Off the clock: “I have two kids, Malik, who is 10, and Ameera, who is 7, and I am a soccer mom. I’m one of the loudest cheerers out there every game. I also love gardening. That’s my biggest stress-reliever, growing vegetables and colorful flowers.”
Thuy-Tien Ho, M.P.A.S., PA-C
Neurocritical Care Physician Assistant
“Tien does an excellent job communicating with patients, families, nursing staff, consulting teams, and her own teammates about plans of care and updates in patient conditions. The nurses find her highly approachable and view her as a clinical resource. She sets the bar very high for herself and strives to give 100% every day, only leaving when the job is done.”
Her UTSW career: Mrs. Ho joined UT Southwestern as a Physician Assistant in 2013. Immediately, her colleagues recognized her drive, compassion, and leadership potential.
In her role: She says she comes to every shift working in the Neuro ICU with a fresh mind. Because most of the patients are critically ill, it can be a high-pressure environment, Mrs. Ho said. “I have to stay calm to perform my best, as time is of the essence in treating brain injuries. It’s comforting to know that I work with a dedicated, experienced, and compassionate multidisciplinary team” that’s laser-focused on making the patient better.
Working on the cutting edge of medicine: “The brain has the ability to allow emergence of consciousness and personality. We can see the same stroke, but each patient is unique. How we care for the individual patient is not only based on the blood vessel and neuroanatomy but also the patient’s wishes, thoughts, feelings, culture and beliefs, and quality of life. Here, I have the opportunity to practice the most advanced and innovative medicine as new research and best-practice guidelines are published.”
Favorite part of the job: “I love the collaboration of medical expertise within our Neurocritical Care, Neurology, and Neurosurgery teams. We value and trust each other in the management of our patients; everyone involved has an exceptional medical background. It’s not just my job; it’s my passion. It’s not about the amount of time I spend here – it’s about the purpose that I serve.”
Off the clock: “I have 7- and 9-year-old daughters, Sophie and Emily, who mean the world to me. I’m married to my best friend and soulmate whom I’ve known since the fourth grade. I love spending time and traveling with my family to experience different places in the world, trying new food, swimming, hiking, ice skating, and kayaking.”
Clinical Staff Assistant III
Otolaryngology – Head and Neck Surgery
“Laura always strives for patient satisfaction and ensures that patients receive the best quality of care. She ensures that everyone is aware of changes or needs. She provides excellent customer service, making sure we treat our patients like she would like to be treated.”
Her UTSW career: Mrs. Puente arrived at UT Southwestern about five years ago, and said she enjoys a rewarding position coordinating surgery for cochlear implant patients.
In her role: Mrs. Puente works with four audiologists and three neurologists, coordinating cases with surgery schedulers and getting approvals for patients. She keeps people informed about where they are in the process, helping to remove hurdles to ensure the best outcome in order to save or restore their hearing.
Gratitude for the small things: “The job can be difficult, but it is also very rewarding,” she said. “People are very grateful at the end of their long journey, including for all the little things, such as when we order items they need when they can’t talk on the phone due to their hearing.”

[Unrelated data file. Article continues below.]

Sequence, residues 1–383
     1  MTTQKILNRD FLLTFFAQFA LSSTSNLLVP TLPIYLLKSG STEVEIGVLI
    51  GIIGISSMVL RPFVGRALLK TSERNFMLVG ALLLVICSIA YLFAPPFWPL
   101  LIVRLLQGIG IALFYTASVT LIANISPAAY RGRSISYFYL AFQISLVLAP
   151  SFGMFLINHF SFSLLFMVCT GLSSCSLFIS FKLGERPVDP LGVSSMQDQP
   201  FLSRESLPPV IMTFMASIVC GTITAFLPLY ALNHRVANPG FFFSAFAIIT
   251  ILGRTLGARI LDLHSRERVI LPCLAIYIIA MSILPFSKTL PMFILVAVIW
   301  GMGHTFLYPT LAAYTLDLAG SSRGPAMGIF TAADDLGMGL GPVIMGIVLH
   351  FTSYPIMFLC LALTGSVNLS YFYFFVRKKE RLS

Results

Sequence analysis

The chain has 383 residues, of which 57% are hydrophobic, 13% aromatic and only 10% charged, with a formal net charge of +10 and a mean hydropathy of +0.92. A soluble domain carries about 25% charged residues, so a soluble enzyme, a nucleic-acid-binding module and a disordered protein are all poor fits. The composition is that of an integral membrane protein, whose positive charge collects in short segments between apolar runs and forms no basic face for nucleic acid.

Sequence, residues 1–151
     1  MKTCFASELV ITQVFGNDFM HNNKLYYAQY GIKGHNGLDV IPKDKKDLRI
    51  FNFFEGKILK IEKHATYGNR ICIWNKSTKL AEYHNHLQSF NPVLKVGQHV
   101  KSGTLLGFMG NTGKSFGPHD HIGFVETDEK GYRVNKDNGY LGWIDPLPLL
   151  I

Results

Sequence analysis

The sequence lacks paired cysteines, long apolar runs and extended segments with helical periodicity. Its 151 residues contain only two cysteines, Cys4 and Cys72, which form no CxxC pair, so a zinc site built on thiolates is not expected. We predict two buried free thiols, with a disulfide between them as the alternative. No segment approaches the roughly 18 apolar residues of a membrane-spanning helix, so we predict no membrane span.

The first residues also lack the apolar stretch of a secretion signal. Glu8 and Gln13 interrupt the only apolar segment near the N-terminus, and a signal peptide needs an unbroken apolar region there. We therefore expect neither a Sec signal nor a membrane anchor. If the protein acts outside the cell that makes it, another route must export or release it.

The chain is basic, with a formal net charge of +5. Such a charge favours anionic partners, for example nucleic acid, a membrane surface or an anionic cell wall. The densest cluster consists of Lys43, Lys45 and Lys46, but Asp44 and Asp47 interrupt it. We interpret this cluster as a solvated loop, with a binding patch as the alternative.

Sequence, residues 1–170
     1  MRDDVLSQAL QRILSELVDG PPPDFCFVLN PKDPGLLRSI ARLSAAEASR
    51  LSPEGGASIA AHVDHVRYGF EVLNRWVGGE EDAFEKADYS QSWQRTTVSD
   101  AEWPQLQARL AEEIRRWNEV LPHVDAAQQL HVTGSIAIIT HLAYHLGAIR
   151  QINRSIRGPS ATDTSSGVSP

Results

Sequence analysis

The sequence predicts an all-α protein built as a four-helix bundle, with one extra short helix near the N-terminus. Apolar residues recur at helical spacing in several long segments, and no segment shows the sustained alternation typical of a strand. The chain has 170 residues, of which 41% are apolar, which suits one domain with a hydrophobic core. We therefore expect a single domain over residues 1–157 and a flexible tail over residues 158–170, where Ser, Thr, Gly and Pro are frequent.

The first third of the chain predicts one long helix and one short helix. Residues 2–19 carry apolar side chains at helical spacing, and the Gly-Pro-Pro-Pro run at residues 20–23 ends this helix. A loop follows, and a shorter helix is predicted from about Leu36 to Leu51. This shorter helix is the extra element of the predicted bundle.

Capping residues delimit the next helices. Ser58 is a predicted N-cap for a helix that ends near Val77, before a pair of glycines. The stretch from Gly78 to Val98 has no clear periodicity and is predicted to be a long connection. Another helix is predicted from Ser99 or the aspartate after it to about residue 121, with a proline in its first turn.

Favorite part of the job: “I love being able to help people. I have a team of audiology assistants I work with and we’re a tight-knit group. Everyone is willing to help each other. It’s a great team and everyone is positive all around.”
Off the clock: Away from work, Mrs. Puente loves to play soccer and volleyball, sports she’s enjoyed since she was a kid that she hopes to pass on to her three daughters. She’s played soccer since she was 4 years old.
“My dad put me in it, and I fell in love with it right away,” Mrs. Puente said. “I have clear memories of playing in middle school. We lost to a team 8-0 the first time we played them. We worked really hard and the second time we played them, we narrowly lost by one goal. After the game, their coach came over and complimented me on how much better I played. I’ve always been inspired by that.”
Patient Access Representative III
Admissions Team at Clements University Hospital
“Gabby is an instrumental player in the success of our Department! She works in the Apheresis Clinic at CUH and is the only Patient Access Rep in this area. She owns this area and handles it with minimal supervision. … Gabby is an informal leader in our Department due to her organizational skills and patient-centered approach.”
Her UTSW career: Mrs. Rodriguez is celebrating her 14th anniversary with UT Southwestern this month. She began in Guest and Patient Services at Zale Lipshy Pavilion and currently serves as a Patient Access Representative in the Apheresis Clinic at Clements University Hospital. Her nominator says she advanced in her UTSW career because of her strong work ethic and genuine interest in helping people navigate their path to health.
In her role: Mrs. Rodriguez arrives by 7 a.m. each day to organize her plans for the steady stream of patients she will assist throughout her shift. She said on an average day she works with 27 people; some of them are longtime patients she’s developed a rapport with. Others, she said, are new patients looking for an ally they can count on.
First impressions: “I am the first person patients have contact with when they walk in the door, so I know it’s important that I have a smile on my face and make them feel comfortable,” Mrs. Rodriguez said. “I also try to help people by organizing their schedule so they don’t have to make too many trips and they are taken care of efficiently.”
Favorite part of the job: “I love to make people’s day go more smoothly, whether it’s my co-workers or the patients. I’m not a doctor or a nurse, but it makes me happy that I can play a role and contribute to helping people get better.”
Off the clock: Even when she isn’t at work, it’s important for Mrs. Rodriguez to share her smile with others. She spends time serving as a greeter at her church, where she is also part of the Women’s Leadership Team, and volunteering at a nonprofit organization in Irving that benefits middle school and high school students called All Things Made New.